Powerful 7.1 magnitude quake jolts New Zealand: USGS


Residents of a small community on the east coast of New Zealand’s North Island have been told they can return to their homes, after a severe earthquake at sea sparked a tsunami warning.

The 7.1 quake struck 169km (105 miles) north-east of Gisborne on Friday morning local time.

Authorities asked people in the Tolaga Bay area to leave their homes.

Some damage to property has been reported, but no injuries.

The quake caused a tsunami but it has had no noticeable impact, an emergency worker told New Zealand radio.

The Pacific Tsunami Warning Center in Hawaii tweeted that only a 21cm (8in) wave had been measured.

Local civil defence officials said it was now safe Gisborne residents to return, but advised them to stay away from beaches, streams and estuaries, saying the tsunami threat had not entirely lifted.

Residents were told to head for high ground or far inland if they felt another strong quake.

“The first tsunami activity has arrived. Tsunami activity will continue for several hours,” the Civil Defence organisation, responsible for national emergency management, said in a statement.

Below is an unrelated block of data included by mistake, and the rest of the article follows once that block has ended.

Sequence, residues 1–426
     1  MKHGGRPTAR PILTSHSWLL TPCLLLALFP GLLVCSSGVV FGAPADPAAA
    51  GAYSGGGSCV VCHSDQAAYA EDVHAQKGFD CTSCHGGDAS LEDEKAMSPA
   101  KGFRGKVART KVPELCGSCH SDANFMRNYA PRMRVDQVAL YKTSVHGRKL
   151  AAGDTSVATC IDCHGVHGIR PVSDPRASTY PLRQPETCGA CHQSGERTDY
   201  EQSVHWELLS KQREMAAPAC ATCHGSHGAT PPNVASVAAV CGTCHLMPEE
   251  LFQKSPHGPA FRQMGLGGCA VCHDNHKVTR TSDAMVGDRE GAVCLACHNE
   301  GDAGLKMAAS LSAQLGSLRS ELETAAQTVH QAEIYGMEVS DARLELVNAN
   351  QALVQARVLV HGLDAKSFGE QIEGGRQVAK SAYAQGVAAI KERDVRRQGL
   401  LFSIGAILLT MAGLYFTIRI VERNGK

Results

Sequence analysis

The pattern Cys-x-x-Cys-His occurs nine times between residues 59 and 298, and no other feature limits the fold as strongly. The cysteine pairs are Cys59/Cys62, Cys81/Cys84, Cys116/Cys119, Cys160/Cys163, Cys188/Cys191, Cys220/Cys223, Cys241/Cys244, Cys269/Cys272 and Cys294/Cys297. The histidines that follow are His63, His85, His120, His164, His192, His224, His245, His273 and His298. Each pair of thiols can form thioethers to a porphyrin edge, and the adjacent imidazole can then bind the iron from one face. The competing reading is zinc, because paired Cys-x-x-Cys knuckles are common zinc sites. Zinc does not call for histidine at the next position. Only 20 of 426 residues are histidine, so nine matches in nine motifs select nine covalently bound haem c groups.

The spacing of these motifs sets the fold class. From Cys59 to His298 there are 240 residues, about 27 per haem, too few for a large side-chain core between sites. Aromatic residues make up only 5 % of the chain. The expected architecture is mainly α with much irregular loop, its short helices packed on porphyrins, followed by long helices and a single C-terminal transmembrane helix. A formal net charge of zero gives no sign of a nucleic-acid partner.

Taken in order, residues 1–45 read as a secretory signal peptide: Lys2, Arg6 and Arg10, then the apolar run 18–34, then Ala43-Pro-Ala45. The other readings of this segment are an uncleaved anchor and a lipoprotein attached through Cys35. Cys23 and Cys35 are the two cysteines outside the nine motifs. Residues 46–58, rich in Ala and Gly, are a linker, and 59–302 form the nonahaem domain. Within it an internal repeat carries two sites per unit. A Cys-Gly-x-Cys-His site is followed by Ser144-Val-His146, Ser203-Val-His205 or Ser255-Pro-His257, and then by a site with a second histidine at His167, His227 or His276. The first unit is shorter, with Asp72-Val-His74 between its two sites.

The warning covered the East Coast of the North Island and the upper South Island.

The quake occurred at 04:37 local time (16:37 GMT) at a depth of 19km (12 miles),US monitors say, and was followed by a series of large aftershocks.

Residents across North Island said they felt shaking and rattling as the quake struck but there were no immediate reports of serious damage.

In 2011, the city of Christchurch on South Island was devastated by a magnitude 6.3 earthquake that left 185 people dead.

Each year more than 15,000 earthquakes are recorded in New Zealand, but only about 150 are large enough to be felt.

The earthquake, which struck at 4:37am (1637 GMT) was felt over much of the country but there were no immediate reports of damage.

New Zealand is on the boundary of the Australian and Pacific tectonic plates, which form part of the so-called “Ring of Fire”, and experiences up to 15,000 tremors a year.





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